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Article
Publication date: 1 April 1985

Stephen F. Witt and Christine A. Martin

The objective of this study is to develop a set of econometric models for use in forecasting international tourist demand, as represented by the number of tourist visits, from the…

Abstract

The objective of this study is to develop a set of econometric models for use in forecasting international tourist demand, as represented by the number of tourist visits, from the F.R. Germany and the United Kingdom to their respective major destinations.

Details

The Tourist Review, vol. 40 no. 4
Type: Research Article
ISSN: 0251-3102

Article
Publication date: 7 January 2022

Ahmed Hassanein, Jamal Ali Al-Khasawneh and Hany Elzahar

Corporate managers spend on research and development (R&D) for reasons of growth and survival. However, they may be less willing to invest in R&D because of its long-term horizon…

Abstract

Purpose

Corporate managers spend on research and development (R&D) for reasons of growth and survival. However, they may be less willing to invest in R&D because of its long-term horizon, high failure rate and uncertain outcomes. This study aims to explore the extent to which managerial ownership influences R&D expenditure decisions.

Design/methodology/approach

Apart from the linear regression models, this study uses a semi-parametric quantile regression analysis for a sample of German non-financial firms throughout 2009–2018.

Findings

This study finds a nonmonotonic sensitivity of R&D spending to the level of managerial ownership over various quantiles of R&D distribution. That is, managerial ownership increases the expenditure on R&D at low R&D intensity firms. However, it decreases the expenditure on R&D at high R&D intensity firms. These results suggest the presence of a maximum level of R&D expenditure, after which owner-managers would be unwilling to spend on R&D.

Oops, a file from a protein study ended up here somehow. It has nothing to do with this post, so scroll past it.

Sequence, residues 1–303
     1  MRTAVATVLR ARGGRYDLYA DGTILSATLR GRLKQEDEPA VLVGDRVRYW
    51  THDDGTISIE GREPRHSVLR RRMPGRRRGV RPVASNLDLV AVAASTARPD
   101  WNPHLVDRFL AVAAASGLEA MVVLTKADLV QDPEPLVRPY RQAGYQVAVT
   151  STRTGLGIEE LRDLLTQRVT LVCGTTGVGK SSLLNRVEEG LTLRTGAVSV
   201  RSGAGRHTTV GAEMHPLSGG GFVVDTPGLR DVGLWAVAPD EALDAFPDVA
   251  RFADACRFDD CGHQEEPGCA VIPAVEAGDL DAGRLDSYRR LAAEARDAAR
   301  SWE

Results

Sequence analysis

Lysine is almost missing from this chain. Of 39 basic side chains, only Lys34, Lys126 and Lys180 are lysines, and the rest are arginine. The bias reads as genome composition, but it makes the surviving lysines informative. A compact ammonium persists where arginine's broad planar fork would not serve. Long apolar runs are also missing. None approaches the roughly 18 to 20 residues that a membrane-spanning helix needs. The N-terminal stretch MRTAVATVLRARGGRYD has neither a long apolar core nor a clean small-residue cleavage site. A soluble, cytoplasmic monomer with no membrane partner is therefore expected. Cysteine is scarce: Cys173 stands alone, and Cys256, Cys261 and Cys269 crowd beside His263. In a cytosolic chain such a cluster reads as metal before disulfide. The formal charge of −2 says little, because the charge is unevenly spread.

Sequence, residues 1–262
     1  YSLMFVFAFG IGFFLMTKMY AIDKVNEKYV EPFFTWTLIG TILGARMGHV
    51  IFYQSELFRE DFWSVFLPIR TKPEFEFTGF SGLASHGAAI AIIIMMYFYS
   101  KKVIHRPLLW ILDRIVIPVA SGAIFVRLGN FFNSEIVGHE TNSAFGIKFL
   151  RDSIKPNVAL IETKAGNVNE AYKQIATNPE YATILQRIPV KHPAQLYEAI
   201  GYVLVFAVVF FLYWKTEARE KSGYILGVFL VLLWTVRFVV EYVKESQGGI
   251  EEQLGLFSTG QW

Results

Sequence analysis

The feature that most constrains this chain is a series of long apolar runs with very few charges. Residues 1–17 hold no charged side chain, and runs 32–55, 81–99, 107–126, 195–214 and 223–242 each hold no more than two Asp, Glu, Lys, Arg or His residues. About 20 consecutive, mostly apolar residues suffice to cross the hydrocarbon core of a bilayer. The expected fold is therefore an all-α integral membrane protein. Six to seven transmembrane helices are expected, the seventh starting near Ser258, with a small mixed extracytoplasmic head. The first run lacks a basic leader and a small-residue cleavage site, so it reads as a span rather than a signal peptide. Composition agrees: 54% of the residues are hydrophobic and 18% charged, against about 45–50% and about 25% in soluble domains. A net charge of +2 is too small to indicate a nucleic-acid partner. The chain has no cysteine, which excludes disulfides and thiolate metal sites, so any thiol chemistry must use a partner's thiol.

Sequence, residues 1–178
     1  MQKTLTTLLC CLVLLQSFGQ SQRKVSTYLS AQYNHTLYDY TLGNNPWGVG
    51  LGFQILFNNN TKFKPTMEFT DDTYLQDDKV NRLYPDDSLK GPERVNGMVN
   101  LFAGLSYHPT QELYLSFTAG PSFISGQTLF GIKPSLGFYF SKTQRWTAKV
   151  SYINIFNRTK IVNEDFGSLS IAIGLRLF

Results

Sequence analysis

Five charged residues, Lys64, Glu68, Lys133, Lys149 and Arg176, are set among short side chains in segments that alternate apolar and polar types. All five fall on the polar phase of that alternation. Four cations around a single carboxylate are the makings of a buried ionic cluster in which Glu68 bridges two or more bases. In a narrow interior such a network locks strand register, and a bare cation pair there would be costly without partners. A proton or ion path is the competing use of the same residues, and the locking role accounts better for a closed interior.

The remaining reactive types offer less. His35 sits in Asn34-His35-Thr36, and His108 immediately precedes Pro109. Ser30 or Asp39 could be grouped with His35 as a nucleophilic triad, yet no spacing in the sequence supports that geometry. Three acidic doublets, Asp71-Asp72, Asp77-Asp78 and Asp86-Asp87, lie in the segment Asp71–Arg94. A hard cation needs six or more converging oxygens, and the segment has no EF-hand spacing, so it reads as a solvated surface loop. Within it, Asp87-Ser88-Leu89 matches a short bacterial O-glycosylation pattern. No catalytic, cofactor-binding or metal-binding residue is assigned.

Practical implications

The results confirm the importance of corporate ownership structure for firm R&D and innovation activities. It provides an implication for corporate policymakers to reform the corporate ownership structures to encourage corporate managers and owners to invest in R&D projects.

Originality/value

This study offers two distinct contributions study. First, it provides the first German shred of evidence on the nonlinear relationship between managerial ownership and R&D expenditure decisions by distinguishing between high and low R&D intensity firms. Second, unlike prior research, it uses a semi-parametric quantile regression analysis. This method is more efficient than least-squares estimators and produces robust estimators to heteroscedasticity of the residuals.